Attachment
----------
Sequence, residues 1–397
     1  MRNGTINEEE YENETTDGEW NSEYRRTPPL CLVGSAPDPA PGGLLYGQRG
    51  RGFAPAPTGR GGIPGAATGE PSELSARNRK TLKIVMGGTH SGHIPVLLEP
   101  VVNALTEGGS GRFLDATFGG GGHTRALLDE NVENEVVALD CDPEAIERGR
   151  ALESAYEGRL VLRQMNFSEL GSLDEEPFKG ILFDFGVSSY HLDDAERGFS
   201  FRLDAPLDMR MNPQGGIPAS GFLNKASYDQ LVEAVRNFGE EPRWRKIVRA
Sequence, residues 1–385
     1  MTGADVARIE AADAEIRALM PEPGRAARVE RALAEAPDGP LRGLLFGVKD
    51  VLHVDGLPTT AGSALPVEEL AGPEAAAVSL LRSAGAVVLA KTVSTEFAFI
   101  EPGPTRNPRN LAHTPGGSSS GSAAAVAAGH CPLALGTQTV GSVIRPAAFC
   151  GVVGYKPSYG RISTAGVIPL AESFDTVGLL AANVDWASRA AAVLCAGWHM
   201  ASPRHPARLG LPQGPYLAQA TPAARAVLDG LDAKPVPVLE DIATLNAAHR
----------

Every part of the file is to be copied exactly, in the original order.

Sequence, residues 1–397
     1  MRNGTINEEE YENETTDGEW NSEYRRTPPL CLVGSAPDPA PGGLLYGQRG
    51  RGFAPAPTGR GGIPGAATGE PSELSARNRK TLKIVMGGTH SGHIPVLLEP
   101  VVNALTEGGS GRFLDATFGG GGHTRALLDE NVENEVVALD CDPEAIERGR
   151  ALESAYEGRL VLRQMNFSEL GSLDEEPFKG ILFDFGVSSY HLDDAERGFS
   201  FRLDAPLDMR MNPQGGIPAS GFLNKASYDQ LVEAVRNFGE EPRWRKIVRA
Sequence, residues 1–385
     1  MTGADVARIE AADAEIRALM PEPGRAARVE RALAEAPDGP LRGLLFGVKD
    51  VLHVDGLPTT AGSALPVEEL AGPEAAAVSL LRSAGAVVLA KTVSTEFAFI
   101  EPGPTRNPRN LAHTPGGSSS GSAAAVAAGH CPLALGTQTV GSVIRPAAFC
   151  GVVGYKPSYG RISTAGVIPL AESFDTVGLL AANVDWASRA AAVLCAGWHM
   201  ASPRHPARLG LPQGPYLAQA TPAARAVLDG LDAKPVPVLE DIATLNAAHR